In keeping with tip #1, If you’re someone who goes crazy when you skip a workout don’t expect that to change just because you’re surrounded with family. We all have the little things we need and it’s imperative that we know what they are so we can actually go after them. And I do mean go after them: no one is going to give you time to take care of yourself. No one is going to ask you if you have had your run yet today. You’ve got to take that, or it won’t happen.

  • Action Step: Look at your daily routine. What are things you do for you and only you? What are the things that bring you joy and peace? Write down 5. Keep it with you. You won’t get all of them every day, but maybe you can get 2 out of 5, and those two will help you avoid a meltdown.

3) Go Undercover to Create Space.

Things go wrong when we don’t have time to recharge or feel our feelings. Family time is wonderful, but it’s usually not restorative or quiet. With the pressures of expectations on us it can be hard to carve out time for yourself. Here’s how I do it.

  • Honor the morning. My morning routine is mission critical. I’ll tell folks I’m getting up 30 minutes after I’ve actually set my alarm so I have time to do some stretching, meditation and journaling before I see everyone.

  • Be the Helpful Guy! Aunt D forgot the secret ingredient? Jimmy needs to be picked up from the train? Out of ice? Volunteering to stay behind and clean or go out and grab something (or someone) is a great way to sneak out of the house for a mind-clearing drive.

  • Every bathroom has a seat. Use it. Pull out Headspace on your phone and do a 1 minute meditation. Or just splash water on your face. Find your quiet and get the hell back out there. No one will know you’re gone, but my look at you all glowed up.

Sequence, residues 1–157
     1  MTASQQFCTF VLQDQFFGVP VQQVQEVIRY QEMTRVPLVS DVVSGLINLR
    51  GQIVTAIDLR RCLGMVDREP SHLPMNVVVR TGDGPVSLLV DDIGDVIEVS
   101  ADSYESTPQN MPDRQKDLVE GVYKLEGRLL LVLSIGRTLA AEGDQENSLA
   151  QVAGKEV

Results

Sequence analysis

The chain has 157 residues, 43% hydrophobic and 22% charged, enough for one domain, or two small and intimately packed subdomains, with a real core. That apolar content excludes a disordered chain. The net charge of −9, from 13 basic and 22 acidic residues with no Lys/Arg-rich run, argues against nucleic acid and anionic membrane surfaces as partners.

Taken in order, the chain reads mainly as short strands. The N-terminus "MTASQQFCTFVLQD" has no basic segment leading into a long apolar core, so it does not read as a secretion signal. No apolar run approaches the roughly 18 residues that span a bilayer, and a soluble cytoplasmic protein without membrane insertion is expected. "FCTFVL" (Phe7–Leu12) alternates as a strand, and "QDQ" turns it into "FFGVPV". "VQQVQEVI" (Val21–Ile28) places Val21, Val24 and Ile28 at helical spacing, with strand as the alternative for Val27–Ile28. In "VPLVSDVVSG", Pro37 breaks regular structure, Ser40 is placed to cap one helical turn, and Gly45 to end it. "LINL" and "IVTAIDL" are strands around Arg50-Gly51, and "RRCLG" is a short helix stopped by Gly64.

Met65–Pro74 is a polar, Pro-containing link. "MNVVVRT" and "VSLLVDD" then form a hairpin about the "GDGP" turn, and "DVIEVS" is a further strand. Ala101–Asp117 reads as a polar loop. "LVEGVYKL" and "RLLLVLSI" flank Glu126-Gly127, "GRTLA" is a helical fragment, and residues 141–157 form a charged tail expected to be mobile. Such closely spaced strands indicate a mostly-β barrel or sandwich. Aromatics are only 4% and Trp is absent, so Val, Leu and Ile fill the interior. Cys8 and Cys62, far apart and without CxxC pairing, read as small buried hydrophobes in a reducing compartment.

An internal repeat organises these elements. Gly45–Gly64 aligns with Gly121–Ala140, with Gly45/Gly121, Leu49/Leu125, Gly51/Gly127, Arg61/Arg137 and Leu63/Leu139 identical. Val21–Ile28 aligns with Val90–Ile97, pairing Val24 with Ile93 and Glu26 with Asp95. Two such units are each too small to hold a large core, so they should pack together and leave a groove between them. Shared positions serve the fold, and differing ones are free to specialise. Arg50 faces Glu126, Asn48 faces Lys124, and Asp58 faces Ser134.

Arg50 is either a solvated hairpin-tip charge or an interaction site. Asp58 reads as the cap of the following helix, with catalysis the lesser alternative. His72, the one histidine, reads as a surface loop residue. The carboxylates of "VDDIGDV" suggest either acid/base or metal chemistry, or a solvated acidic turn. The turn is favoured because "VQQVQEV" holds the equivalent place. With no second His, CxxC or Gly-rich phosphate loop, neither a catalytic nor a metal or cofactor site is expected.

• There is no price on personal space. If funds allow, it is always worth it to pony up the extra bit for your own room or an extra rental car. Space is space. Money can be replaced.

4) Design a Game Plan (podcasts, movie lists, activities… take the debate out)

A lot of family tension comes during times of indecision (what to watch? Where to take the kids?) and downtime… come prepared with things you can do to fill those voids with peace, quiet and little bunnies.

  • Bring a list of family friendly podcasts cued up on your phone to give everyone a share experience on long car drives. Same thing with movies. But ultimately, hey, if they’ve picked something… just go with it.

  • Tired of answering questions? Come armed with questions that take the pressure off of you…. this year my question was “if you were a professional criminal, what would your specialty be?”

  • Do some research about the area you’re going to, be the hero who takes all of the kids to the world’s largest wheel of cheese, get mom and dad to the home of some long-dead artist so they’re out of the house for a while. The more work you do ahead of time coming up with ideas the less time there will be for the dull quiet moments in which anxieties, doubts and fights erupt.


Mike Rosen is a mental health advocate, poet and yoga teacher. Find more of his work here.

Mike Rosen